So, I would say that the Urges could use a lot of examples on how they can be employed, emphasizing the scene resolution approach and especially with Arete.

    More to come as things progress.

    Cheers,

    AnttiK

    Anticide Illustrations:
    http://www.kotiposti.net/xakarjala/
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    Antti Karjalainen
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    « Reply #10 on: August 12, 2003, 05:44:06 AM »

    To reiterate what I mentioned in your LJ:

    I read through it, and I liked what I saw, but I got really lost around Tricks.  I've been waiting to find time to sit down and really figure out Tricks, because it could be that I just didn't grok it when I first looked at it.

    I will admit that I didn't think I would like a "play as many cards of X suit as you can" system, but what I've seen I do like.

    Question: Are you looking for nitpick comments like spelling and the like, or just system comments?
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    Eddy Webb
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    Matt Snyder
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    « Reply #11 on: August 12, 2003, 06:04:12 AM »

    Quote from: Eddy Fate
    To reiterate what I mentioned in your LJ:

    I read through it, and I liked what I saw, but I got really lost around Tricks.  I've been waiting to find time to sit down and really figure out Tricks, because it could be that I just didn't grok it when I first looked at it.

    I will admit that I didn't think I would like a "play as many cards of X suit as you can" system, but what I've seen I do like.

    Question: Are you looking for nitpick comments like spelling and the like, or just system comments?


    Actually, Eddy, as I recall you were one of the few who DID understand Tricks early on. You asked some questions and posed an example that was perfectly suitable. If you get a chance, read through the examples in the text and see if they help. I'm hoping they will.

    Mike & Antti: I have been thinking about the character concept issue. One concern I have is that you, perhaps, seem to see disconnect between the "human" character and the "demigod-like" character. There should never be any such disconnect. The character is, and will ever be, human. That's the emphasis of the game. You have power, but you are mortal and fallible. How will you deal with that?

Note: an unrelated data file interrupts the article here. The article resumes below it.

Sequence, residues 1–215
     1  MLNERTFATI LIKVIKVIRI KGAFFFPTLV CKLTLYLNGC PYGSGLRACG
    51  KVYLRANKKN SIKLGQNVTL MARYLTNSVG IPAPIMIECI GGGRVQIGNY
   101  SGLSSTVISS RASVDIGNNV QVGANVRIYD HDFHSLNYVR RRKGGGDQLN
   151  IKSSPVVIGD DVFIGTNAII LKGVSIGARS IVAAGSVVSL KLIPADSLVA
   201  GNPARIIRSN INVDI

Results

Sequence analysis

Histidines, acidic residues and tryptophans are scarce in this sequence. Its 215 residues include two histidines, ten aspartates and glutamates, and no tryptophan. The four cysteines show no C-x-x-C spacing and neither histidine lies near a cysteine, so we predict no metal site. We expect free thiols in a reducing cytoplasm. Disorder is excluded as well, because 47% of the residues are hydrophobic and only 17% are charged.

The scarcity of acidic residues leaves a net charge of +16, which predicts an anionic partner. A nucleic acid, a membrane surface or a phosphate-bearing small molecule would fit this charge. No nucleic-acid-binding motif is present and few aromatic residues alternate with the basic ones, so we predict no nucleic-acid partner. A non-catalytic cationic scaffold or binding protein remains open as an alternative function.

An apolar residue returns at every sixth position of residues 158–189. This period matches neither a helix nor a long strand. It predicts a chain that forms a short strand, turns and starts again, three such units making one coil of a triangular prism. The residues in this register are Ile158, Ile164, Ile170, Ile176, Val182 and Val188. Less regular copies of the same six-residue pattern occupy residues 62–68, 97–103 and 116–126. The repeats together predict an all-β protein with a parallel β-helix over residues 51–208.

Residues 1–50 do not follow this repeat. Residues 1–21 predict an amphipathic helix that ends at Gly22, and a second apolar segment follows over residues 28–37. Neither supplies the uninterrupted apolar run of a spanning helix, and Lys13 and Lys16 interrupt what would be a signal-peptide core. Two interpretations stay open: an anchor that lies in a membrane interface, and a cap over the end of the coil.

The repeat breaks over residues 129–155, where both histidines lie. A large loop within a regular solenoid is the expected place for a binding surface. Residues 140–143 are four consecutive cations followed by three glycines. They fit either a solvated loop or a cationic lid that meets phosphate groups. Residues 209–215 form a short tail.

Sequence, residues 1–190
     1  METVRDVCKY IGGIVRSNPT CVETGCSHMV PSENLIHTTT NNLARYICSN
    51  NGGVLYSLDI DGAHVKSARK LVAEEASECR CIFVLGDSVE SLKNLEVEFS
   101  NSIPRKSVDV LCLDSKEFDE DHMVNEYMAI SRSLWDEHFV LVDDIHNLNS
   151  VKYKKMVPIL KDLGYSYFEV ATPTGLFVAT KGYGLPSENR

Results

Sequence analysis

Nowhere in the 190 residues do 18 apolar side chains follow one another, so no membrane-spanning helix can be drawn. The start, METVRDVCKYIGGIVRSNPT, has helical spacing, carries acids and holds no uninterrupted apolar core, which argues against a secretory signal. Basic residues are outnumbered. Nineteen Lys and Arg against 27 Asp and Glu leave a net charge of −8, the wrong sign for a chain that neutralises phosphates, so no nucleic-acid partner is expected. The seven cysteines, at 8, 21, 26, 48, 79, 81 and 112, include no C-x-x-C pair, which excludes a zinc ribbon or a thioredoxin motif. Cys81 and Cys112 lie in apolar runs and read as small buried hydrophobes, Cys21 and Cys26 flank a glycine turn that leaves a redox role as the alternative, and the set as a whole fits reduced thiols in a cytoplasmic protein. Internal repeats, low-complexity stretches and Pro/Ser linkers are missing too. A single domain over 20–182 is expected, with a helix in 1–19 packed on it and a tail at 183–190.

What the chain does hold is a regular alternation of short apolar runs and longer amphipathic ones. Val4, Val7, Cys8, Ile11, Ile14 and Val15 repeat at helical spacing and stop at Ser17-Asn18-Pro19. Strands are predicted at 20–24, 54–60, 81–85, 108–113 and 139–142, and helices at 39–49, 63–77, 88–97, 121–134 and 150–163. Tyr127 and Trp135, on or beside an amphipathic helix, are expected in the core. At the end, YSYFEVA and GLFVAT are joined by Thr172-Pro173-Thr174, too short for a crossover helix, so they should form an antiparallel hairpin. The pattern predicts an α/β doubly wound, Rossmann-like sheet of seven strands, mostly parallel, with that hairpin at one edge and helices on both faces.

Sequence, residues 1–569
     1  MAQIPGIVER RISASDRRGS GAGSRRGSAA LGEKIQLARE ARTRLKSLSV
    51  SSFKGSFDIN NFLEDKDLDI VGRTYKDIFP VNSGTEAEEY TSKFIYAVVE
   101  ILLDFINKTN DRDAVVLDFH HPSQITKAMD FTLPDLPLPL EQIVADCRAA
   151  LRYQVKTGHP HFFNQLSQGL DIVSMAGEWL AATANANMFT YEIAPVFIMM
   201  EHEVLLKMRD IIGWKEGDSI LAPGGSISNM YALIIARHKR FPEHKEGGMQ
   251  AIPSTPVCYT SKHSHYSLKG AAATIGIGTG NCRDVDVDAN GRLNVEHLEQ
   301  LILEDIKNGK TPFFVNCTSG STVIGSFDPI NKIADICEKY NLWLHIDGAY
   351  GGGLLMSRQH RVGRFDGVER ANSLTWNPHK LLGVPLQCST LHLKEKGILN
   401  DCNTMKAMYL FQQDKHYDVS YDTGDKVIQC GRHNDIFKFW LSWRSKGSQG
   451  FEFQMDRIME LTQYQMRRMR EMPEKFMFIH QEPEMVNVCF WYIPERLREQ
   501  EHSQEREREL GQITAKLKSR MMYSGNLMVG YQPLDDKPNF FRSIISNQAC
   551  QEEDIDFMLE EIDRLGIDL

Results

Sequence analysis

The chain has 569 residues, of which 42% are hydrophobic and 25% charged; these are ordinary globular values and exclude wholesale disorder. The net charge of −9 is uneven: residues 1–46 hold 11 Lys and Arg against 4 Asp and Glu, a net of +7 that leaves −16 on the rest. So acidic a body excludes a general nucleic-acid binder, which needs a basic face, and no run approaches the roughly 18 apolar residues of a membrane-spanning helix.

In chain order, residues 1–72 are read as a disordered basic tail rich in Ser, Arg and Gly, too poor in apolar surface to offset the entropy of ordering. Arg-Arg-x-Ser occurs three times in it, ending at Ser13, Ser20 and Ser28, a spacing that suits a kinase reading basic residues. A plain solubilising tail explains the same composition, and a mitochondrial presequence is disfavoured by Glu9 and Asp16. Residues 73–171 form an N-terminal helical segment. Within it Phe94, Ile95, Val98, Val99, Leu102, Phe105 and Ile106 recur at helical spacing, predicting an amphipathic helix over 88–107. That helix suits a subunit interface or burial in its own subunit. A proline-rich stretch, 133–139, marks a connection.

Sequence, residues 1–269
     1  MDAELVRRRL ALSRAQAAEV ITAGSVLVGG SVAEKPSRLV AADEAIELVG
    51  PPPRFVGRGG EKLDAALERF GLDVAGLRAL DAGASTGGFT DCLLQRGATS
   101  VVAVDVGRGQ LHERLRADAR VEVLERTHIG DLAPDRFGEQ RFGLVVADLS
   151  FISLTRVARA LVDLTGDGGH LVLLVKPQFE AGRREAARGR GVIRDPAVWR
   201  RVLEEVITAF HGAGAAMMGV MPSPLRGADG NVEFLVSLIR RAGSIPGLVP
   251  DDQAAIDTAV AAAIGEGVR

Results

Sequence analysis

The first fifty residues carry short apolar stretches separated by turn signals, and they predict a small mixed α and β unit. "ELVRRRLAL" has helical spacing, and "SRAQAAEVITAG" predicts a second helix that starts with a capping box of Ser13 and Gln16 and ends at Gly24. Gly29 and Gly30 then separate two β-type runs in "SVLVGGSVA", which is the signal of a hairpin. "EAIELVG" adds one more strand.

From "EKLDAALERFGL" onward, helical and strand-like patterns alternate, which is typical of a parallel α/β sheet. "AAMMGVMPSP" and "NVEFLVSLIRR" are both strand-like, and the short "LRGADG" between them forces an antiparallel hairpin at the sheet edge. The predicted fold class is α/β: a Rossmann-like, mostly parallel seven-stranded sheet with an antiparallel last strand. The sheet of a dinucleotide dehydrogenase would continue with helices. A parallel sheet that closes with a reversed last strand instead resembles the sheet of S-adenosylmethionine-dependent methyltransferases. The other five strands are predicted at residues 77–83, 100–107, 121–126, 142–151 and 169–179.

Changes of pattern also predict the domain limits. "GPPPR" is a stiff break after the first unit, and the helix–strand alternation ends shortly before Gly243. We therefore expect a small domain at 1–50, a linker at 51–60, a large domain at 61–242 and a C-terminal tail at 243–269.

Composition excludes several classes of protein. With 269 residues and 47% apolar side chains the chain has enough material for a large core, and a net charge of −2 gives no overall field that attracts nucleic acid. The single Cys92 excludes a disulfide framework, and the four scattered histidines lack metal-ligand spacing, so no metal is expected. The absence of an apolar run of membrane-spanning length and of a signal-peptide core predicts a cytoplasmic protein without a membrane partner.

That said, I suggest to playtesters that players think of who their characters were before Prometheus awakens them, HOW Prometheus awakens them, and what they do now that they can traverse the Nine Worlds. This does need fleshing out in the Archons chapter, as you rightly point out. The setting should also help greatly in giving some things for characters to do -- Mercurian Merchant, Aethership Privateer, Aquarian Spy, Martian Warlord, Aegis Agent, Titan Turncoat, Atlantean Slave, etc. These aren't splats, but rather things people might consider as a character concept. No rules issues, just backstory development.

    Also, Mike, how is this (this meaning the current text as written) different than, say, Sorcerer or Riddle of Steel (yes, very differenct, each) in terms of coming up with a character concept? Riddle of Steel as the skill packages for a start, but the character concept is really up to you, and largely based on SAs. Sorcerer is even more open ended, like this text. How do you see those games (perhaps others you can think of) that do it better, for your tastes?
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    Matt Snyder
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    Lxndr
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    « Reply #12 on: August 12, 2003, 07:06:49 AM »

    Well, I don't know if I've made it in time to be part of the "second six," but who cares?  If I get a book, I get a book.  If not, I'll probably still get a book.  :)

    First, it was a remarkably personal experience, reading about the adventures of Alexander, being as he and I share names.  I'm sure I was not the reason behind your choice, but it still made it a rather neat read as I followed Alexander quite literally to hell and back.  It's even somewhat eerie/amusing, 'cause Alexander is in some ways the kind of person I'd want to be in such a setting (more Hubris than Arete, avoiding Stasis in favor of the other attributes).  Though he's not totally like me (he's described as "always well-dressed" and "smooth-talking").